Wednesday, February 13, 2019

Sid Salter: 2019 Election Cycle Promises Significant Turnover & Change


Change. In terms of Mississippi government, change isn’t merely coming – and we’re talking major changes – it’s in great measure already here and identifiable.

 At the end of this year, Mississippi will at the very least have elected a new governor, lieutenant governor, attorney general, secretary of state, and state treasurer. We already have a state auditor and a state agriculture commissioner who are both still newly-minted by relatively recent gubernatorial appointments. The only veteran among our eight statewide elected officials who wants to return to his present post and remains unopposed is the state insurance commissioner.

The 2019 election cycle will see significant legislative turnover based Senate and House members either retiring or seeking other offices, including a number of key legislative leaders from the money committees in both houses. Just over 21 percent of the Senate will turn over in this manner. At least nine percent of the House will be similarly impacted based on current announcements of intent.

And that doesn’t count members in both houses unseated in the normal ebb and flow of politics.

In recent days, Mississippi got a new chief justice of the Mississippi Supreme Court and a new associate justice. Five members of the state’s highest court have only held their seats since 2016.

Two thirds of the Mississippi Transportation Commission isn’t seeking re-election and the same is true for the Mississippi Public Service Commission.

In Washington, one of our U.S. senators has assumed an important new chairmanship while another has less than a full year of service but has significant committee assignments. Both senators are in the Senate’s majority party.
In the House, one of our four members was through realignment in the midterm elections returned an important chairmanship. The other three House members suddenly find themselves in the House minority party – and one of them is a freshman.

Change, in a political environment in which there are marked partisan differences between both major parties at both the state and federals levels, is virtually inevitable. But even if the same party controls both houses of the Legislature under new leadership, change will still come in that arena.

I spoke to a statewide group of economic developers last week. Economic development is just one area that is almost certain to be impacted by change and turnover in the political realm. And since Mississippi’s economic development efforts are tied closely to the Governor’s Office, change is virtually guaranteed regardless who occupies that office and regardless which party he or she represents.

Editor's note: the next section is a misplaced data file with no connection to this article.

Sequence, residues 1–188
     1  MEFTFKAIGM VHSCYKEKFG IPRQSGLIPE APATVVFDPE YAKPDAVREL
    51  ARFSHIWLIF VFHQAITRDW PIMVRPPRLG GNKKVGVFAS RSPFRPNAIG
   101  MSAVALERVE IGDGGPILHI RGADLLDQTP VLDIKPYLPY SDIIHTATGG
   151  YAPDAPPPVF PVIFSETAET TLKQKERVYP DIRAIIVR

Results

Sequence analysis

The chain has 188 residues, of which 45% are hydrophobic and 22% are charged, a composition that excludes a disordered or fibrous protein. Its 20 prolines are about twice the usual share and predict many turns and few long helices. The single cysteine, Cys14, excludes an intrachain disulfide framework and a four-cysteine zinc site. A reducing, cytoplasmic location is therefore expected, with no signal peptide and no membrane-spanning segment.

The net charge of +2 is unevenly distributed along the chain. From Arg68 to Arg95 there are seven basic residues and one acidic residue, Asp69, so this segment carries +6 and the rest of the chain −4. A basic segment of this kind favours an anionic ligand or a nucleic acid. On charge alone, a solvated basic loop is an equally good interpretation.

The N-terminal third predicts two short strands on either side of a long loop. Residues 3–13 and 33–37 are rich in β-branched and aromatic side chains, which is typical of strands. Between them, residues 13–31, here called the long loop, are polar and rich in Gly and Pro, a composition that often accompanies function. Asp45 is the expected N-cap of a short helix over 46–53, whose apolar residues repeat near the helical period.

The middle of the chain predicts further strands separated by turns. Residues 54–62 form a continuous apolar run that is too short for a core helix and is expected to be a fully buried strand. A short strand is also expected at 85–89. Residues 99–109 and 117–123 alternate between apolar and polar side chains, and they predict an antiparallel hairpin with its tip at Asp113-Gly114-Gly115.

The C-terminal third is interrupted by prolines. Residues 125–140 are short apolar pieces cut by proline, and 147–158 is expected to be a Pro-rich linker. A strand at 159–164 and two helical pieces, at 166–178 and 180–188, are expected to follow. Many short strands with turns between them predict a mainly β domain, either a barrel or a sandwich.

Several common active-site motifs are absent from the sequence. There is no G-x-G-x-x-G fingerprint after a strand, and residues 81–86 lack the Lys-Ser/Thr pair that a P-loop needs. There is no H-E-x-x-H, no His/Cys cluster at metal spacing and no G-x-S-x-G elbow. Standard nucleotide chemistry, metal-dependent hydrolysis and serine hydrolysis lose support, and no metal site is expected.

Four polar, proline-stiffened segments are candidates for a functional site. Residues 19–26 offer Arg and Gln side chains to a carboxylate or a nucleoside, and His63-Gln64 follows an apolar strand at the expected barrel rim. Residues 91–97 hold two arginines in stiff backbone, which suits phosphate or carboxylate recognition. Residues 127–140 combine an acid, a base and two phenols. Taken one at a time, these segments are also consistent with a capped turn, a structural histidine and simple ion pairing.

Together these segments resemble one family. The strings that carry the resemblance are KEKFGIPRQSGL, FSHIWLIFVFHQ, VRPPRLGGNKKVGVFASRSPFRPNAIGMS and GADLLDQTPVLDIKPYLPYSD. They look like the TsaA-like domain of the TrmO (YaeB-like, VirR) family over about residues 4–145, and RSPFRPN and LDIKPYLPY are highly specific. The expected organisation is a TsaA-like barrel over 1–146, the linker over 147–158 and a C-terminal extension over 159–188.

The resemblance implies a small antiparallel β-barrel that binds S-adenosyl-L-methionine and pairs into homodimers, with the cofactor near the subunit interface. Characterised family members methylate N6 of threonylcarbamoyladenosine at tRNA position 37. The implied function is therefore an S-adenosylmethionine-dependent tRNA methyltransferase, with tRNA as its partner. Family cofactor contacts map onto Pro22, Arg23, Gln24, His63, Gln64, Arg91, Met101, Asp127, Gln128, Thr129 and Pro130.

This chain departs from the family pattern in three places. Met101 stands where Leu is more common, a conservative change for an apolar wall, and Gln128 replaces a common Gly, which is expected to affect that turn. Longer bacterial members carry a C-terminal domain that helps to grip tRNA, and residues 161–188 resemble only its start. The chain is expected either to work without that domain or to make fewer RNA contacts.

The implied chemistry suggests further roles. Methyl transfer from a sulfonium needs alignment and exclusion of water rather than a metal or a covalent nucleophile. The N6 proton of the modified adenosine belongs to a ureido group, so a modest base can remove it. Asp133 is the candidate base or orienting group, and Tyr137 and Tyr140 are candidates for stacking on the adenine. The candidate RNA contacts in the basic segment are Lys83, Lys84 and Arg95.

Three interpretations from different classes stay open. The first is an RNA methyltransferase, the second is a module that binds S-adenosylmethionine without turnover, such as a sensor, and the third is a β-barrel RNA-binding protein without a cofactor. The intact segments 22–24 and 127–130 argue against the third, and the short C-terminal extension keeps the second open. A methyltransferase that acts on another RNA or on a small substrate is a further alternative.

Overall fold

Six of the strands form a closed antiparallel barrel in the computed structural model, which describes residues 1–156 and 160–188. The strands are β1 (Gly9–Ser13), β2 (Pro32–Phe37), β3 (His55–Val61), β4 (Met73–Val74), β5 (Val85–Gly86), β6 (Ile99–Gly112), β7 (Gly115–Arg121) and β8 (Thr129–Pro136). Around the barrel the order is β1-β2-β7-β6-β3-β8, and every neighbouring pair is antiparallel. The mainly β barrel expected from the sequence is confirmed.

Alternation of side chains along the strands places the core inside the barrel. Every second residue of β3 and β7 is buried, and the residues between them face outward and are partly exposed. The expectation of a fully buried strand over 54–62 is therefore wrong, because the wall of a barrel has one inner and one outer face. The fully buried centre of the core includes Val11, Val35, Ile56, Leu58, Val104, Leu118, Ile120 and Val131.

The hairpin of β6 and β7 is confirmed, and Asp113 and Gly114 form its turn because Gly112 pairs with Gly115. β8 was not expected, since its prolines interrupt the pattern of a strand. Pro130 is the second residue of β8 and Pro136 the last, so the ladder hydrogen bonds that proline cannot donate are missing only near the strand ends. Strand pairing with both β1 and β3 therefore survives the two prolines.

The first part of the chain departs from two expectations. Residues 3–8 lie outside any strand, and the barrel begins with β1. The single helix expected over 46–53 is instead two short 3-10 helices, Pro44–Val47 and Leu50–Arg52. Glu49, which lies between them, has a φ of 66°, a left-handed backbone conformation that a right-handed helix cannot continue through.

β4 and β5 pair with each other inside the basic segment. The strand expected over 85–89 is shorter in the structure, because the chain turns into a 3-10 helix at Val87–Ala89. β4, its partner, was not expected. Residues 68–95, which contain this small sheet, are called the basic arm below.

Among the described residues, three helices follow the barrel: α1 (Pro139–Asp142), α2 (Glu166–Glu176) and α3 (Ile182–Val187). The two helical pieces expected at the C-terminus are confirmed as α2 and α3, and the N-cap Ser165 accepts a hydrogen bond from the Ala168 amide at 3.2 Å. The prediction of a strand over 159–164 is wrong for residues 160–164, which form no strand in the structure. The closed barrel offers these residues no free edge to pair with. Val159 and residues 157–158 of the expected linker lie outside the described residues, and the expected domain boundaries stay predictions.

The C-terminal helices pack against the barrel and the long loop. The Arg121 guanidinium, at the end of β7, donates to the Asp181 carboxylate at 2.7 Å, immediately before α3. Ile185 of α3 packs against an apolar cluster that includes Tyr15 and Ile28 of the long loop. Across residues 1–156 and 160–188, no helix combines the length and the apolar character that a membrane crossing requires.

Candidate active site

Why? Because there are many approaches to economic development. Some favor tax incentives. Others favor community building or workforce development. Some are pursuing mega site projects. Some are looking to bring 50-100 jobs to small towns that need anchor employment. Or all of the above.

An abstract from the Tax Policy Center’s 2017 review of State Economic Development Strategies by researchers Norton Francis and Megan Randall offered this assessment of the broad base from which most states approach economic development:

“States invest in three areas to encourage job and wage growth: the marketplace, the workforce, and the community. Marketplace investment includes general business support and finance assistance, small-business procurement programs, and tax incentives. Workforce programs develop and train the local labor force, connecting workers to family-sustaining jobs while meeting firm demands for skilled labor. Investment in community includes public goods such as transportation, electricity, telecommunications, and K–12 and higher education. Successful economic development strategies coordinate all three types of investment.”

From data contained in a 2014 statistical snapshot by the Urban Institute release in 2016, Mississippi was spending $21.5 million on economic development compared to Alabama’s $57.7 million, Arkansas’s $41.2 million, Louisiana’s $15.2 million and Tennessee’s $143.6 million. Would it surprise you to learn that in that same snapshot, 15 states were spending less than Mississippi on their economic development efforts?

It’s true.

Increasingly, legitimate and time-tested economic development strategies are coming under attack from those who decry jobs creation incentives or tax exemptions as improper government intervention in the effort to help Mississippi compete for economic opportunity. How much attention those voices attract in political campaigns – particularly in party primaries – may have much to do with shaping the future of economic development in the state.

Sid Salter is a syndicated columnist. Contact him at sidsalter@sidsalter.com.

16 comments:

Anonymous said...

Unfortunately, economic development in MS has been corrupt...from Magnolia Venture to the Meat Packing plant.

There's a difference in sound economic development planning and being a mark for every con man pretending to have a business and will grease palms to do it.

First we need a long range plan. And, our Dept. of Economic Development as well as our universities should be driving those plans and be scrutinizing the reliability of plans offered to the State.